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A note for the perplexed

Why Saddam Hussein was not tried in an international court in the Hague (cut-n-pasted from here):

There are in fact five different international courts in the Hague, and none of them has the right mandate for this job.

Going through them in the order that they were established: The Permanent Court of Arbitration doesn't take criminal cases; the International Court of Justice takes only inter-state cases; the Iran-United States Claims Tribunal is obviously not appropriate for the job; and the same goes for the International Criminal Tribunal for the former Yugoslavia.

The International Criminal Court at first glance seems the most obvious choice - its remit includes genocide, crimes against humanity, war crimes, and the crime of aggression. However a) it can only take cases where the alleged offences took place after 1 July 2002, which was less than a year before Saddam was overthrown, b) it can only take cases where the domestic courts are clearly incapable of taking the burden on (which indeed was arguably the case in Iraq, but someone has to make that determination, either the Iraqi authorities themselves or the UN Security Council), and most crucially c) it can only take cases from countries which have signed the Rome Statute setting it up, which notably do not include the United States or Iraq.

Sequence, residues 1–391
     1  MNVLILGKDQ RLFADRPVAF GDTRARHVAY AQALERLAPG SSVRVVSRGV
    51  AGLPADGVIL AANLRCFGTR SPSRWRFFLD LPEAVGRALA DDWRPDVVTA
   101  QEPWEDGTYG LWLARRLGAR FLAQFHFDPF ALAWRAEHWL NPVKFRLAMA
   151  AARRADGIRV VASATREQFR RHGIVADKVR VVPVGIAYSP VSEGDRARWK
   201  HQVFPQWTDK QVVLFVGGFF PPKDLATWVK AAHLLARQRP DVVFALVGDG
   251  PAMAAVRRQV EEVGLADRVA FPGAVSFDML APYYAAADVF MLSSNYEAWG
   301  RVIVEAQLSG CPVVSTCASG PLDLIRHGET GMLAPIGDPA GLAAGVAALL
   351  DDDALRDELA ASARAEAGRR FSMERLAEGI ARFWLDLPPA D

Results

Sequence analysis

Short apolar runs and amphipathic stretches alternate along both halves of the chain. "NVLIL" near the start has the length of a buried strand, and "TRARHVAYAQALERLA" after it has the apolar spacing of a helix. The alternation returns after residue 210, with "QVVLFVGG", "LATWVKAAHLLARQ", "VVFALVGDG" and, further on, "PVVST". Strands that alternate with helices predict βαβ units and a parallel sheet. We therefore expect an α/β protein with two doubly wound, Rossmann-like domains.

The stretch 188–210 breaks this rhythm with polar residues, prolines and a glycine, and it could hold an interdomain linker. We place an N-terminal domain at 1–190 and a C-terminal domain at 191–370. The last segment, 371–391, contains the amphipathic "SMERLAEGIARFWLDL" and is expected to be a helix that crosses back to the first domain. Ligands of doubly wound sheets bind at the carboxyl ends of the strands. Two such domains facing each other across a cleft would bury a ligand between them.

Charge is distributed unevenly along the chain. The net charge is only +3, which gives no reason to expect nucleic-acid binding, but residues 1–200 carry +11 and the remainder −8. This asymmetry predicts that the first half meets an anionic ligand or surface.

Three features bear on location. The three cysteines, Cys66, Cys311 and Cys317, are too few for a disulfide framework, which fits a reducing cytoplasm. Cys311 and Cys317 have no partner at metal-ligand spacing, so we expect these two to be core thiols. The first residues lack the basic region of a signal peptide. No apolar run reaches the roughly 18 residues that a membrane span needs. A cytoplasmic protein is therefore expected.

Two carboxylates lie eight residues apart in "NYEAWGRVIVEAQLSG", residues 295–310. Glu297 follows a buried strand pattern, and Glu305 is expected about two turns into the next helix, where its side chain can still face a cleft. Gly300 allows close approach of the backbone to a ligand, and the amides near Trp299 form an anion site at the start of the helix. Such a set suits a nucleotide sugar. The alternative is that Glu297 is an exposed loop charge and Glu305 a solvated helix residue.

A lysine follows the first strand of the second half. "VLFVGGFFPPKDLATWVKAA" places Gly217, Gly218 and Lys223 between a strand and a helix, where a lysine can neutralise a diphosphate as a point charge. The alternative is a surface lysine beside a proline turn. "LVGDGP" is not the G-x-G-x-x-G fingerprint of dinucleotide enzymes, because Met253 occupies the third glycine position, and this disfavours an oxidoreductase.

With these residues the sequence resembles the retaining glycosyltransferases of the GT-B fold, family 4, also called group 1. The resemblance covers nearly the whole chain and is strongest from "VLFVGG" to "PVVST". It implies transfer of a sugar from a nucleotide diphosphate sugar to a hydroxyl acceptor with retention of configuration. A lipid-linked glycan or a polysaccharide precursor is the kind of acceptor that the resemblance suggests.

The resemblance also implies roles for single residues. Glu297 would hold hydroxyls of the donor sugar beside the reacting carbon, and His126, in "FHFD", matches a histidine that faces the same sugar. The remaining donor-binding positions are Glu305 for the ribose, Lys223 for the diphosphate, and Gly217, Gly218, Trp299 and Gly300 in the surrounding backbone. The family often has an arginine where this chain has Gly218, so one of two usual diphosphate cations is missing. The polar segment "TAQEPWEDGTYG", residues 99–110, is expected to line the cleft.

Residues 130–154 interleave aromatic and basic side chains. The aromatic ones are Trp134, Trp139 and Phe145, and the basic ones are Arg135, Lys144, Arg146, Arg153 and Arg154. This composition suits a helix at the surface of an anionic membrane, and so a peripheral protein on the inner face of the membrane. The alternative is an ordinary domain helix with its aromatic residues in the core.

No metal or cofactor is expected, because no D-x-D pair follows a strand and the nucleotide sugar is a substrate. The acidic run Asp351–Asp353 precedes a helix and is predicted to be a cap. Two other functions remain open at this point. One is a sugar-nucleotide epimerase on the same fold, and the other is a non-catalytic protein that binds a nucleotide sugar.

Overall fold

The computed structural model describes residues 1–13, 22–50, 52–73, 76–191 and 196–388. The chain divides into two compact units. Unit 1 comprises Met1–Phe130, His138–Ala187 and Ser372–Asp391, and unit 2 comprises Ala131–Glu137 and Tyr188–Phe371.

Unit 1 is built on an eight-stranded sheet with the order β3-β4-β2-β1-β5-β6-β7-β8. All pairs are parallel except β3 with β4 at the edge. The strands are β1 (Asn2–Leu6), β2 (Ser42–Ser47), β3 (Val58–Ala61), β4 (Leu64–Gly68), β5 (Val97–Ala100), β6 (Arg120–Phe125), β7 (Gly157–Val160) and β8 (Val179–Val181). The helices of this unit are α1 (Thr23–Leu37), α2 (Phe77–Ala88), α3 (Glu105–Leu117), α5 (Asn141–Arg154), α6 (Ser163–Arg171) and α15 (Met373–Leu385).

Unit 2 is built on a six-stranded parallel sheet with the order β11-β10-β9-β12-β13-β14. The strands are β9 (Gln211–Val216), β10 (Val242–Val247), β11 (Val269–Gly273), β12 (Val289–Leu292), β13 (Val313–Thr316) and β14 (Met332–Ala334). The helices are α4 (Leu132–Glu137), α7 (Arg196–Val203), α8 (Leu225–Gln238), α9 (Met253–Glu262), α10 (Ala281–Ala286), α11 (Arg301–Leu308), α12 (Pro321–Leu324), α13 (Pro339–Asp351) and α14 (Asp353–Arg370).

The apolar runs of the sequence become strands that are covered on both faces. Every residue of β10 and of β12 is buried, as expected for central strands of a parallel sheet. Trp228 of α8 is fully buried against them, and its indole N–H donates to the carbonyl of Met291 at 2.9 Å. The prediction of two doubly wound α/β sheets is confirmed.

For an international prosecution process for Saddam Hussein to take place would have required an ad hoc decision either by the allies who overthrew him (which would have been even more obviously victors' justice than what we have had) or a decision by the UN Security Council (which would never have happened, as too many of its members, including some with vetoes, would have seen such a move as tantamount to complicity in Bush's war).

So an Iraqi judicial process was the best we were ever going to get; though it is reasonable to say that this judicial process is not a good advertisement for the idea that you can impose universal principles of justice by force.

Having said that, the verdict was inevitable. The sentence was not. Capital punishment is never right. (Even Christopher Hitchens gets this.)

Comments

( 3 comments — Leave a comment )
pickwick
Dec. 30th, 2006 12:38 pm (UTC)
Ah, thanks for that! I didn't realise they had such specific mandates.
inuitmonster
Dec. 30th, 2006 07:08 pm (UTC)
Are you sure that the ICC can only take cases from countries who have signed the treaty that set it up? My understanding is that the ICC has universal jurisdiction, including over the citizens of non-signatory states.
nwhyte
Dec. 30th, 2006 07:14 pm (UTC)
My understanding is that the ICC has universal jurisdiction, including over the citizens of non-signatory states.

Alas, that only applies if the UN Security Council refers a case to it. Otherwise it's crimes commited by citizens of, or on the territory of, states that have accepted its jurisdiction.
( 3 comments — Leave a comment )

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